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A-Rod implicated in PED use again as MLB probes

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A-Rod implicated in PED use again as MLB probes

NEW YORK (AP) Alex Rodriguez was ensnared in a doping investigation once again Tuesday when an alternative weekly newspaper reported baseball's highest-paid star was among a half-dozen players listed in records of a Florida clinic the paper said sold performance-enhancing drugs.

The Miami New Times said the three-time AL MVP bought human growth hormone and other performance-enhancing substances during 2009-12 from Biogenesis of America LLC, a now-closed anti-aging clinic in Coral Cables, Fla., near Rodriguez's offseason home.

The new public relations firm for the New York Yankees third baseman issued a statement denying the allegations.

The newspaper said it obtained records detailing purchases by Rodriguez, 2012 All-Star game MVP Melky Cabrera, 2005 AL Cy Young Award winner Bartolo Colon and 2011 AL championship series MVP Nelson Cruz of Texas.

Cabrera left San Francisco after the season to sign with Toronto, while Oakland re-signed Colon.

Other baseball players the newspaper said appeared in the records include Washington pitcher Gio Gonzalez, who finished third in last year's NL Cy Young Award voting, and San Diego catcher Yasmani Grandal.

Biogenesis, which the New Times said was run by Anthony Bosch, was located in a beige, nondescript office park. The former clinic is no longer listed as a business in its directory,

``There was a flier put out by the building management a couple weeks ago. It was put on all the doors and windows of all the offices,'' said Brad Nickel, who works in a group cruise planning company on the floor above where the clinic was located. ``It just said this guy's not really a doctor, he doesn't belong here, he's no longer allowed here, call the police or the building management if you see him.''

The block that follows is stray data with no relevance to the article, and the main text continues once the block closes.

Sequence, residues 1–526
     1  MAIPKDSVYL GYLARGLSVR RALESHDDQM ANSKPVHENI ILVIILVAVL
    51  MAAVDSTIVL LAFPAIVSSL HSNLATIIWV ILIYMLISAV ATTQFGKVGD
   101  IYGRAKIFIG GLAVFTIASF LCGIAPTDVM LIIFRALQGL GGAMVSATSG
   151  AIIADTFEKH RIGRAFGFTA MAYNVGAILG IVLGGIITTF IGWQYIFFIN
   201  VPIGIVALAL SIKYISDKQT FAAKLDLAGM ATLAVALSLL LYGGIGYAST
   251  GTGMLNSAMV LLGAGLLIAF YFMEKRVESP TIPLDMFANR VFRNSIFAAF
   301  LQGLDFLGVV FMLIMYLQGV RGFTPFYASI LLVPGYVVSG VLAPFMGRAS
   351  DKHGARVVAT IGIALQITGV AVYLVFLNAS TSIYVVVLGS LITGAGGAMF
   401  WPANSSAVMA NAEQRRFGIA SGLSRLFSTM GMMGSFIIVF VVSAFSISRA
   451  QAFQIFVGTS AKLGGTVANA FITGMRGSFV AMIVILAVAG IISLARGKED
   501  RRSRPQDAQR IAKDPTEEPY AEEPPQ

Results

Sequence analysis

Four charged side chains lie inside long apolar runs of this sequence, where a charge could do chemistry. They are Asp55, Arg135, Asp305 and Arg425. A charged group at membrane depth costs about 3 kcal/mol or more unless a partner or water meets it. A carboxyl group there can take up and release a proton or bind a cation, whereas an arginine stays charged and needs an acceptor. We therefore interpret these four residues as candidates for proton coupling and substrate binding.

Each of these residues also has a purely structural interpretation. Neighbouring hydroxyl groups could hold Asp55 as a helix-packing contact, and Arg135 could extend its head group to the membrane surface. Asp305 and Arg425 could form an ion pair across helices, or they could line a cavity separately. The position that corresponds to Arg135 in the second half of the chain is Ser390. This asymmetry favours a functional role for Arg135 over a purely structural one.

David Sierra, who works in his aunt's real estate office in the same building, kept a picture of the flier on his iPhone. He recognized the doctor in the picture from passing him in the hallway.

Sierra said while he never recognized any of the clients at the clinic, ``there were always really nice cars in front - I'm not talking just Mercedes. Range Rovers, Bentleys.''

The New Times posted copies of what it said were Bosch's handwritten records, obtained through a former Biogenesis employee it did not identify.

Bosch's lawyer, Susy Ribero-Ayala, said in a statement the New Times report ``is filled with inaccuracies, innuendo and misstatements of fact.''

``Mr. Bosch vehemently denies the assertions that MLB players such as Alex Rodriguez and Gio Gonzalez were treated by or associated with him,'' she said.

Rodriguez appears 16 times in the documents New Times received, the paper said, either as ``Alex Rodriguez,'' ``Alex Rod'' or the nickname ``Cacique,'' a pre-Columbian Caribbean chief.

Rodriguez admitted four years ago that he used PEDs from 2001-03. Cabrera, Colon and Grandal were suspended for 50 games each last year by MLB following tests for elevated testosterone. Responding to the testosterone use, MLB and the players' union said Jan. 10 they were authorizing the World Anti-Doping Agency laboratory outside Montreal to store each major leaguer's baseline testosterone/epitestosterone (T/E) ratio in order to detect abnormalities.

``We are always extremely disappointed to learn of potential links between players and the use of performance-enhancing substances,'' MLB said in a statement. ``Only law enforcement officials have the capacity to reach those outside the game who are involved in the distribution of illegal performance-enhancing drugs. ... We are in the midst of an active investigation and are gathering and reviewing information.''